The second case is a woman in her 30s from Melbourne. The case was detected in home quarantine and is considered low risk to the community.

A truck driver from Gympie has also contracted the virus, though he tested positive in NSW and has been included in their figures.

The truck driver travelled to Bundaberg while infectious.

Big issue with plan to lockout unvaxxed

Victorian Premier Daniel Andrews has repeatedly said residents who choose not to be vaccinated will be banned from non-essential activities “well into 2022”.

The plan to keep unvaccinated Victorians essentially in lockdown will remain even after the state passes the 90 per cent double vaccination goal.

“Whether it’s a bookshop, a shoe shop, a pub, cafe, a restaurant, the MCG, the list goes on and on. You will not be able to participate like a fully vaccinated person because you’re not a fully vaccinated person,” Mr Andrews said.

However, one expert has warned these strict rules could actually do more harm than good.

Former deputy chief medical officer, Professor Nick Coatsworth, said barring unvaccinated people from freedoms into next year could actually cement their beliefs around vaccines.

“To suggest that for an entire year when your vaccination rates are likely to be above 90 per cent that there are things you would exclude people from participating in for that period of time is likely to rust people on to their opposition to vaccines,” he told The Daily Telegraph.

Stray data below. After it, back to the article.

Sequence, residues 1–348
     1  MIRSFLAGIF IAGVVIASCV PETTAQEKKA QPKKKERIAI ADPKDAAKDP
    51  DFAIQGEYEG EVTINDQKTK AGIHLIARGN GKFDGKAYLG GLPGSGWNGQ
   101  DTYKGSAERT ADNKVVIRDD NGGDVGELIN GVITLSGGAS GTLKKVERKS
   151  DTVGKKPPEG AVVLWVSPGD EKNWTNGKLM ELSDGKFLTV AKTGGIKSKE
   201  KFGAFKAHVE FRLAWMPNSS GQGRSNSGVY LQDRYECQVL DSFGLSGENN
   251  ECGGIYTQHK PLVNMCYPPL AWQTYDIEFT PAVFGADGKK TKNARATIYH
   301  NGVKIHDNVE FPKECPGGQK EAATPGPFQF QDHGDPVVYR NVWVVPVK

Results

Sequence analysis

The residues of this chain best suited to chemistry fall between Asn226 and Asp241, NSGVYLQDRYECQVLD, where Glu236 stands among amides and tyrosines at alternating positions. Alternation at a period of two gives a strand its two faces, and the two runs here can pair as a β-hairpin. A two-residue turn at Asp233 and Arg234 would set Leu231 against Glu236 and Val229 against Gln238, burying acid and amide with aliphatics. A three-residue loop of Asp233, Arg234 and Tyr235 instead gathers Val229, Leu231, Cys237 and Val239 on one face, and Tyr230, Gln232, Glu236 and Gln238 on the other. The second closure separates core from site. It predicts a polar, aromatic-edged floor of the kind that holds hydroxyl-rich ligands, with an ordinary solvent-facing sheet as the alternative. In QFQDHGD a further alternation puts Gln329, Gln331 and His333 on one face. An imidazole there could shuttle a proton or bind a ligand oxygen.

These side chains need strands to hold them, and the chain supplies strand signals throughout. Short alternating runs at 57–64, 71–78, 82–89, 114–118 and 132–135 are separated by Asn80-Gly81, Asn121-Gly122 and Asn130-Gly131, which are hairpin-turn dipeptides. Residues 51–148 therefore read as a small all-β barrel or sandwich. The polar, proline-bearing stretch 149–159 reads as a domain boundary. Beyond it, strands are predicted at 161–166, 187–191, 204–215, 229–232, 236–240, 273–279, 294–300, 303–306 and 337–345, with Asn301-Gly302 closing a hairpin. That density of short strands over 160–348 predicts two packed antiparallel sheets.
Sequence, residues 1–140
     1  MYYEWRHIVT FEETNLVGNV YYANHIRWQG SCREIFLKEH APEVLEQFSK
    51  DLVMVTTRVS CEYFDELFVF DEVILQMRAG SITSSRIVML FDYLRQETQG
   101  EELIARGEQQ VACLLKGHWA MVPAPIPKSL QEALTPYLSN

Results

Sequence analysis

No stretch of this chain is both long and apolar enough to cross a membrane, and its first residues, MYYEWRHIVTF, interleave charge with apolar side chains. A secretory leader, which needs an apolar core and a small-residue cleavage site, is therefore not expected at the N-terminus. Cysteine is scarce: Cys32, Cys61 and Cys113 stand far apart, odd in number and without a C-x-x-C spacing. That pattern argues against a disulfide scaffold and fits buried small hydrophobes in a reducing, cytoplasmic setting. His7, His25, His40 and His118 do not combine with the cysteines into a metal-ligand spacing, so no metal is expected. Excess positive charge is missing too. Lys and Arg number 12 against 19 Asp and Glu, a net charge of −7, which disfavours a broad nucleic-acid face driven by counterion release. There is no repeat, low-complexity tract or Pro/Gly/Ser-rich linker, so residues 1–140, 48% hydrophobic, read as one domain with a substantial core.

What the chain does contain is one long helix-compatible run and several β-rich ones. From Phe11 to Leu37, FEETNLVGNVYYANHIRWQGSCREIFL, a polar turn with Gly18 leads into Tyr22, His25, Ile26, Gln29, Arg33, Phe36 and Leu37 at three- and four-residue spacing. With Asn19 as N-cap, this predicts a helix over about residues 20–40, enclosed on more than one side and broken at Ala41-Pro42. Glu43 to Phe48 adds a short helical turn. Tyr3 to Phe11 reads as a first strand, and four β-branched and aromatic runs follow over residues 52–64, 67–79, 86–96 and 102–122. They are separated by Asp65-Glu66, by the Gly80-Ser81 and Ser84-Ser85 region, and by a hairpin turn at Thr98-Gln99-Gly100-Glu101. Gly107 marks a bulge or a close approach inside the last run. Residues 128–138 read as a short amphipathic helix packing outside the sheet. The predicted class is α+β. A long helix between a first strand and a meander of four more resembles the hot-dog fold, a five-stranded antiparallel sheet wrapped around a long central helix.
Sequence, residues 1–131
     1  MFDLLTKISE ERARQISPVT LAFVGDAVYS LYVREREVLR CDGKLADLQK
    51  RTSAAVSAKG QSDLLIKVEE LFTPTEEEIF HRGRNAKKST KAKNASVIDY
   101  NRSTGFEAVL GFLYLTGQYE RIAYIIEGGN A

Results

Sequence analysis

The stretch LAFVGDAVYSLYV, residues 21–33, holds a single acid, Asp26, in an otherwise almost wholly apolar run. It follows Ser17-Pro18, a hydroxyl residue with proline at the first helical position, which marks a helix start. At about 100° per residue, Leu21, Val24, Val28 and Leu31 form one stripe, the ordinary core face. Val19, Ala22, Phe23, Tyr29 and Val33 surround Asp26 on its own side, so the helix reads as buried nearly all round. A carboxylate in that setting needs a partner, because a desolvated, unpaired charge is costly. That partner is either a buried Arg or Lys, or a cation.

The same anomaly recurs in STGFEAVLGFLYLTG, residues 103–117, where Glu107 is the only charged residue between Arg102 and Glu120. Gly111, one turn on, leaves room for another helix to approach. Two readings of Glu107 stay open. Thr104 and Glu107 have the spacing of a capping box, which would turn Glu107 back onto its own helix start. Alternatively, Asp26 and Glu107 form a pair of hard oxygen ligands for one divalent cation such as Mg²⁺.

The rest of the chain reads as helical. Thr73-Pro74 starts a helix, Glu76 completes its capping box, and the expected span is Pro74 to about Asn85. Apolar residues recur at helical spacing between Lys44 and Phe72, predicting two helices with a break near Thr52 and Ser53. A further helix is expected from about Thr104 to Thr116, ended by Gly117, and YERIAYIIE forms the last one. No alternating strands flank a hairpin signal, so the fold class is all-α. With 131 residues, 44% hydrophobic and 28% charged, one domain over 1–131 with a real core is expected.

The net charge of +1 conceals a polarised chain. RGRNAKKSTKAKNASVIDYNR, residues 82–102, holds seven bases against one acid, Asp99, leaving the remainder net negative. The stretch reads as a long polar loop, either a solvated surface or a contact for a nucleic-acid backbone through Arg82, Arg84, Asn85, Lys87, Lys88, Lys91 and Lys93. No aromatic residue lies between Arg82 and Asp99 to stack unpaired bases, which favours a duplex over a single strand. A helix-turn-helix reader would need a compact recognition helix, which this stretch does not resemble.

“If you wanted to encourage people to believe that the government was against you if you didn’t get the vaccine, this is exactly how you would be have.”

Professor Coatsworth told the publication there was a balance that needed to be struck when using vaccine passports.

Under NSW’s roadmap, unvaccinated residents will be allowed to enjoy the same freedoms as vaccinated people from December 1, when the state is expected to have passed its 90 per cent double dose vaccination goal.

NT to scrap quarantine for fully vaxxed

Northern Territory is the latest region to reveal when it will be scrapping quarantine requirements for fully vaccinated travellers.

Chief Minister Michael Gunner said vaccinated travellers will be allowed to enter the NT without quarantining from on or around January 18.

“I’m not guaranteeing January 18, we’ve allowed a caveat there, so it’s a minimum of 28 days, as we work through the pilot process, but we’re aiming for 18 January no quarantine,” he said.

Mr Gunner said a strict Covid testing regime would be brought in.

It comes after yesterday’s announcement that fully vaccinated travellers from hotspot areas would be able to quarantine at home for 14 days from November 23.

New pandemic laws will have ‘broader focus’

Victorian Premier Daniel Andrews has addressed the new pandemic laws being introduced into parliament today, saying the legislation will provide a “broader focus” to allow the state to move forward through the pandemic.

“They also set us up having led to many different things across the journey for whatever that next pandemic might look like, whenever that might be into the future,” he said.

“It is appropriate that you do what you say. We said there would be pandemic specific laws, that is exactly what we have introduced into parliament. They are based on some other models in other parts of the country and world but they go further, in many ways. In terms of scrutiny, oversight, transparency.”

Under the new laws, the Premier would be able to declare a pandemic, with those declarations able to be renewed for up to three months at a time with “no outer limit on the total duration of the declaration”.

The health Minister would be given the “broad power” to make pandemic orders where necessary to protect public health.

The bill states all public health advice must be made public and tabled in parliament and a committee of public health and human rights experts would review any new public health orders.